In the face of bipartisan opposition, AK Steel’s Dearborn Works on track to receive massive payday without cleaning up their act
Instead of using this opportunity to pressure one of the state’s biggest violators of air quality standards to clean up its act, the Senate decided to hand out $50 million in tax breaks to AK Steel, no strings attached,” said Lisa Wozniak, Executive Director of the Michigan League of Conservation Voters. “These tax breaks send the message to responsible companies that they are wasting their time and money by following the law and protecting public health.”
SB 1162 and 1163 were both sponsored by Sen. Brandenburg (R – Harrison Twp.) and passed the Michigan Senate today: 31 to 6 on SB 1162, 30 to 7 on SB 1163–full vote breakdowns are below.
The Senate also rejected an environmental compliance amendment put forward by Senator Rebekah Warren (D – Ann Arbor) which would have allowed AK Steel to access the tax credits while giving them three years to come into compliance with state air quality standards. Starting in the fourth year, additional notices of air quality violations or outstanding environmental enforcement actions would cause the company to forfeit the tax credits for that year. The amendment was rejected by a vote of 25 to 12 (full vote breakdown below).
I represent some of the most polluted communities in our state, and giving AK Steel a massive tax break and not holding them accountable for controlling its pollution further undermines and undervalues the health and well-being of families in my community,” said State Representative Stephanie Chang (D – Detroit). “Requiring companies like AK Steel to comply with their own air quality permit to get a tax credit is necessary in order to protect the public from dangerous air pollution; this is fundamentally reasonable and fiscally responsible. The Senate missed an opportunity today to protect the health of my residents: we must do better in the House.”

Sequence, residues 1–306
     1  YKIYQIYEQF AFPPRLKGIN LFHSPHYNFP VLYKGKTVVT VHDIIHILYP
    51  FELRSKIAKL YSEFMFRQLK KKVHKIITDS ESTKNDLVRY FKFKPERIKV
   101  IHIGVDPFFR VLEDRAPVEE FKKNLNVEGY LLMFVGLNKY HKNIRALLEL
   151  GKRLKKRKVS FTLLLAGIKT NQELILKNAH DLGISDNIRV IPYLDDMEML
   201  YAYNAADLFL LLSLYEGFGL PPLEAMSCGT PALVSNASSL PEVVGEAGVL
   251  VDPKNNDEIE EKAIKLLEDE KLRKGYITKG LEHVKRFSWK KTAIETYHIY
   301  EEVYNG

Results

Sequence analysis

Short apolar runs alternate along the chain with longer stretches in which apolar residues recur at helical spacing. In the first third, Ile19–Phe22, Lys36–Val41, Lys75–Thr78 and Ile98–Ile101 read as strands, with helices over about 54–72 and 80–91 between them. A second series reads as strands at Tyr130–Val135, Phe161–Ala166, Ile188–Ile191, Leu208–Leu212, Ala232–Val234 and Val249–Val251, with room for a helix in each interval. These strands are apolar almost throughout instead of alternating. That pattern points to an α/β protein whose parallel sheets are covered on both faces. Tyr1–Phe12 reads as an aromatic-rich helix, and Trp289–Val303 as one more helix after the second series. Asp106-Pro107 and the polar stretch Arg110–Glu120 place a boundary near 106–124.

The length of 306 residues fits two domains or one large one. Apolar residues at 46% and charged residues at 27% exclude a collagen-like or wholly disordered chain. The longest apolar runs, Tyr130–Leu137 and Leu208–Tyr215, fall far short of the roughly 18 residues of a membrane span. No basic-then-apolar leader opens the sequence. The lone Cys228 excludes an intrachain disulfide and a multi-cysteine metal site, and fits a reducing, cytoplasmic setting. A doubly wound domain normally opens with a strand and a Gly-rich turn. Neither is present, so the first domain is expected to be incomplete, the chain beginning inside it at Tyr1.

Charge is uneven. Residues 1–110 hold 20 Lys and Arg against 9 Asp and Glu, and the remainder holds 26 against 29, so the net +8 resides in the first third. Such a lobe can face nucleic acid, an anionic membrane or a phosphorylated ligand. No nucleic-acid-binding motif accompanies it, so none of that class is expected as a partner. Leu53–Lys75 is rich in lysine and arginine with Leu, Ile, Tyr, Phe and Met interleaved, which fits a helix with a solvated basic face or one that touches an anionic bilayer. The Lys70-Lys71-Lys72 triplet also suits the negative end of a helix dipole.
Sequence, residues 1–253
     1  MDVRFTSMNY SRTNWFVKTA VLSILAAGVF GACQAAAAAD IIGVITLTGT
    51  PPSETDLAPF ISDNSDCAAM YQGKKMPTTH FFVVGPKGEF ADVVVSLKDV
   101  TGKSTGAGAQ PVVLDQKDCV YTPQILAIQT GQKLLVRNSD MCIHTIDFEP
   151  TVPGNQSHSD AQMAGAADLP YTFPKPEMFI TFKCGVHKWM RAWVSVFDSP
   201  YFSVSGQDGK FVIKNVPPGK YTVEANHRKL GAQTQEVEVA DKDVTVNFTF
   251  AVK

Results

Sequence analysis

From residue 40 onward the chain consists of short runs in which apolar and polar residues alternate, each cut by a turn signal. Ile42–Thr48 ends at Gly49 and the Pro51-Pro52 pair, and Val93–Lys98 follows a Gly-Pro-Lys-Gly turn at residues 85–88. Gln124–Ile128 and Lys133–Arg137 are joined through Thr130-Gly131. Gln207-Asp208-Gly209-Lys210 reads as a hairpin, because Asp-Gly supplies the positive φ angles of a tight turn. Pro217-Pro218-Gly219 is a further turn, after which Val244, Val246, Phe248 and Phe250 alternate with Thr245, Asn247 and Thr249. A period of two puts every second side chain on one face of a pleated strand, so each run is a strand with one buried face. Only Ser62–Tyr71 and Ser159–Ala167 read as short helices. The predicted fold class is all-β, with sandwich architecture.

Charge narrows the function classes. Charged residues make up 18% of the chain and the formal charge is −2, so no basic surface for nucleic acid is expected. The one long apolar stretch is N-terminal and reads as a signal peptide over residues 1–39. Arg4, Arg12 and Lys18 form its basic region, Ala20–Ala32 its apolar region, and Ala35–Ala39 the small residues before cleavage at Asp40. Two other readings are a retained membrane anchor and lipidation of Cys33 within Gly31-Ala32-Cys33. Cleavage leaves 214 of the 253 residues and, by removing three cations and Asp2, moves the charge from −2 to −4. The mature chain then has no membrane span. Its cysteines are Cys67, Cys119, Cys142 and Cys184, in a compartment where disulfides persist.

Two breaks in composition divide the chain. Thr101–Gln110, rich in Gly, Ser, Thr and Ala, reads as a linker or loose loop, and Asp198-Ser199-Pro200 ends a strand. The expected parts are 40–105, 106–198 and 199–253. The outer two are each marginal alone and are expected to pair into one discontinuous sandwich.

The State of Michigan should not give massive handouts and tax carve-outs that game the economic decisions of business, arbitrarily favoring the interest of one company over another; especially when the facility in question has a history of violating environmental standards designed to protect the health of the public,” said State Representative Martin Howrylak (R – Troy). “While taxpayers across the state will be footing the bill for the lost tax revenue, it is the families near AK Steel’s Dearborn Works facility that will continue to bear costs that the rest of us never see: missed work and school days, more asthma inhalers, and expensive visits to hospital rooms, all while the source of this pollution is given a $50 million windfall from the State Treasury.”
Despite improvements since AK Steel assumed ownership of the plant in 2014 from OAO Severstal, the Dearborn plant continues to violate its air quality permits and receive regular notices from the Michigan DEQ documenting clear violation of air quality protections. During the the third and fourth quarters of 2015, AK Steel reported at least 40 violations of the legal opacity limit during its operations. The facility’s most recent violation notice was issued on October 14, 2016 for not using a required pollution control device and for failing to test a filtration device for particulate matter by a specified date.
Vote Breakdown for Environmental Compliance Amendment:
12 YES, 25 NO, 1 Excused
Vote Breakdown for Senate Bill 1162:
31 YES, 6 NO, 1 Excused
Vote Breakdown for Senate Bill 1163:
30 YES, 7 NO, 1 Excused